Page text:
Guernsey Press

Reception classes to be cut in three schools from September

FALLING school rolls mean that three primary schools will each operate one fewer reception class from September.

Deputy Peter Roffey believes there is an overwhelming need to look at the number, size and location of primary schools. (Picture by Luke Le Prevost, 32127573)

Vale currently has three Reception classes but will have two in the 2023/24 academic year. La Houguette and Notre Dame du Rosaire are dropping their number of Reception classes from two to one.

The overall number of children starting at States’ primary schools this year is expected to be down on last year by about 5%.

Four of the 11 primaries will operate with only one class in Reception, including Forest, which is expected to run a year group with just 13 children.

Deputy Peter Roffey said the figures indicated an urgent need to review the primary phase of education.

‘Of course there is now an overwhelming case to review the number, size and location of our primary schools,’ he said.

‘Even if the States had made a positive decision in the tax debate, there is no reason to run services inefficiently with excess provision. But after not reaching a positive decision in the tax debate, the States really needs to hold up a mirror and see that this sort of thing cannot continue.

‘Demographics are driving up the cost of services to the older part of our population. If we’re not going to obtain the efficiencies and savings available at the other end, with the number of young people reducing, then we are going to be in even more serious financial trouble.’

Education, Sport & Culture president Andrea Dudley-Owen said now was not the right time to review primary education.

‘I agree that a review of primary education is needed and I would like to see it carried out as soon as possible. But we, both within the Assembly and within the wider community, must also be realistic,’ she said.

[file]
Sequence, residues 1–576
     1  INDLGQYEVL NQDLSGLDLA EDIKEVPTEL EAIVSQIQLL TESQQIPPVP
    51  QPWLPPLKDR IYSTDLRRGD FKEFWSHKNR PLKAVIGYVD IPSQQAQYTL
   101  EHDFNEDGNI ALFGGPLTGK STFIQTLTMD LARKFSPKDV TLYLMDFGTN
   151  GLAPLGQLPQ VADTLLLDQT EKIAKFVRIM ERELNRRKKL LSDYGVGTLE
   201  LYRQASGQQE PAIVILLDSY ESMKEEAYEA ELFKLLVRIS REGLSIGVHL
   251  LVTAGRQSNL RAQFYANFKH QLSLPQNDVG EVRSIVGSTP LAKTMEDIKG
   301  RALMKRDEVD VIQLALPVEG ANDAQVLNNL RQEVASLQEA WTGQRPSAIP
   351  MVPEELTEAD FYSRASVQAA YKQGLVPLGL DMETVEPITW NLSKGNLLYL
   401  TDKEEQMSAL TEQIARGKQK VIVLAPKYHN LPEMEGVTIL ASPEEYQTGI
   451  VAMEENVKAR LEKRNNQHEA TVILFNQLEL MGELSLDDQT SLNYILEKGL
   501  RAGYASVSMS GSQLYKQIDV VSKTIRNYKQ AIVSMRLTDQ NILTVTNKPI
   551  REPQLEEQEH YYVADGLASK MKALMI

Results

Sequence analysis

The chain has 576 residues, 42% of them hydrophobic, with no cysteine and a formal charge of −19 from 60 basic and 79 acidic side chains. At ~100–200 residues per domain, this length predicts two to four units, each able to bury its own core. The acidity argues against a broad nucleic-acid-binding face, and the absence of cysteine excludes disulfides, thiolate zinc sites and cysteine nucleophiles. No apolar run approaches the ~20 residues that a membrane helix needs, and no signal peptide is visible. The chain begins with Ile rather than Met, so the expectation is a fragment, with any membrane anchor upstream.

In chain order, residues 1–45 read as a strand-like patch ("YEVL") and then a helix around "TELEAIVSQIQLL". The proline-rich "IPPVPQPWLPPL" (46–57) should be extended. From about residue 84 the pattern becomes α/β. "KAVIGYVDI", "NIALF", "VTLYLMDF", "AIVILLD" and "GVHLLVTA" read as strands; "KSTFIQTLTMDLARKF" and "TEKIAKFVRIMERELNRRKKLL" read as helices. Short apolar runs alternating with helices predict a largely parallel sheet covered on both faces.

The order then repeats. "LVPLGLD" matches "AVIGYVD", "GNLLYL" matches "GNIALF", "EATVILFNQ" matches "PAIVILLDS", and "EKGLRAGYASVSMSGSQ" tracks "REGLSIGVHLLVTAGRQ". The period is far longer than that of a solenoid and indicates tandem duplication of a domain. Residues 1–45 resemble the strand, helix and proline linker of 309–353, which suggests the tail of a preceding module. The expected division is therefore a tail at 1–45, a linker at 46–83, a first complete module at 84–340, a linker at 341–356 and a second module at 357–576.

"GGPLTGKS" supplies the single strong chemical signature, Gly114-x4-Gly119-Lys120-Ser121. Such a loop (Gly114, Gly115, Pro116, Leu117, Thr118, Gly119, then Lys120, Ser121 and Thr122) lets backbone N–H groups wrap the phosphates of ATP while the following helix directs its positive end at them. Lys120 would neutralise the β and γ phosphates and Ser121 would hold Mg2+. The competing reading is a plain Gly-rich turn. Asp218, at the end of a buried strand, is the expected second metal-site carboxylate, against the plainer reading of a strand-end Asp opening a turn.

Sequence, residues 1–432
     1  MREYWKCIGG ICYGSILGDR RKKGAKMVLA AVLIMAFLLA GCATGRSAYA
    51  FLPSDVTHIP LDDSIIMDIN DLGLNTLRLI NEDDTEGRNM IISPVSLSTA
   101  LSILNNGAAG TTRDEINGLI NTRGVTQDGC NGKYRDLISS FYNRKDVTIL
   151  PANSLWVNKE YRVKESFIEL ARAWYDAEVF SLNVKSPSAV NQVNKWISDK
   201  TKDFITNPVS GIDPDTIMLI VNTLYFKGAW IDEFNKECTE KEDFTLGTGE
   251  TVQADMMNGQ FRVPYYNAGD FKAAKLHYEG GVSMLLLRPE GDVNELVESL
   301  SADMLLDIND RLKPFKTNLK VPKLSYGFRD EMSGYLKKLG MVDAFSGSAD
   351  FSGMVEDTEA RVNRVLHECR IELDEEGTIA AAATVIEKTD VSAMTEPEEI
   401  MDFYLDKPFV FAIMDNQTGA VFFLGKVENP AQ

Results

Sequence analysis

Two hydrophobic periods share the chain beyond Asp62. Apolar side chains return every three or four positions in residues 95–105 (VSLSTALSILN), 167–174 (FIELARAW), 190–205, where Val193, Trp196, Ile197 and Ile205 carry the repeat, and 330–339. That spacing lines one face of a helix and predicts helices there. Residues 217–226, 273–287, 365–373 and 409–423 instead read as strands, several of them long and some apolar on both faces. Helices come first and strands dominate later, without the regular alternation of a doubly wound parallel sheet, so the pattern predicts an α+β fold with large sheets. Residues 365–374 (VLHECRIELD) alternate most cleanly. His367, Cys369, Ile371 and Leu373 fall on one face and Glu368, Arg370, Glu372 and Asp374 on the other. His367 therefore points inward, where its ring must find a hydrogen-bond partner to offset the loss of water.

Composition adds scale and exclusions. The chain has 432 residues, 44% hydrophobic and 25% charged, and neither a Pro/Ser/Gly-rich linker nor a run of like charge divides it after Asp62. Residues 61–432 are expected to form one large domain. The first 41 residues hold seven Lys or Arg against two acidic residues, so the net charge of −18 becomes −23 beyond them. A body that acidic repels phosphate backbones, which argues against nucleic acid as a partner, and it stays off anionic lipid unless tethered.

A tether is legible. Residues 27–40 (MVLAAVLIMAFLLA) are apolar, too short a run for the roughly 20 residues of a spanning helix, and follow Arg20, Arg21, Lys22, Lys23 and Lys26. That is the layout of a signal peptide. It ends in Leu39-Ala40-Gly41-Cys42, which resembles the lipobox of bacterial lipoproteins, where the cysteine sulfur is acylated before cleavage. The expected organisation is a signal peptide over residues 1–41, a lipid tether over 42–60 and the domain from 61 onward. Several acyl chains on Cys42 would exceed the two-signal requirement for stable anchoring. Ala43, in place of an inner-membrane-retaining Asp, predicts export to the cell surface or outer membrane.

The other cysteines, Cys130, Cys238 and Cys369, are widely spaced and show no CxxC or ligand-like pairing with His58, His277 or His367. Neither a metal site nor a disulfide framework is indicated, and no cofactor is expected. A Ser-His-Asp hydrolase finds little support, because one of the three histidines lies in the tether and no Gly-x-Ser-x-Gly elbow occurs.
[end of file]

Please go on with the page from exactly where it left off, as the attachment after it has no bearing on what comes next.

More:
‘Many areas within education have needed review, improvement and transformation. It would be irresponsible and foolish to try to do all of these things at once and then fail to deliver.

‘The system has come under considerable strain from a lack of strategic political management last term and trying to do too much in too little time.

‘It is important that the States deliver on much-needed improvements for secondary and post-16 education first and do it properly, which will also unlock savings and drive improvements, before we seek to review other areas.’

The States agreed two years ago that ESC should not prioritise a review of primary education before the next general election in 2025. Deputy Roffey argued that sticking to that timeline would mean years of inefficient spending.

‘I’m worried that ESC has indicated there will be no work on the primary review in this States term,’ he said.

‘Realistically, that means at least four years from now before any changes could be made, and that’s a long time to run services inefficiently at a time when public finances are under such strain.’

The number of births dropped to fewer than 500 last year. This compared to more than 670 births in 2012.

The number of children of primary school age is anticipated to keep declining and secondary school numbers are expected to decline from the mid-2020s.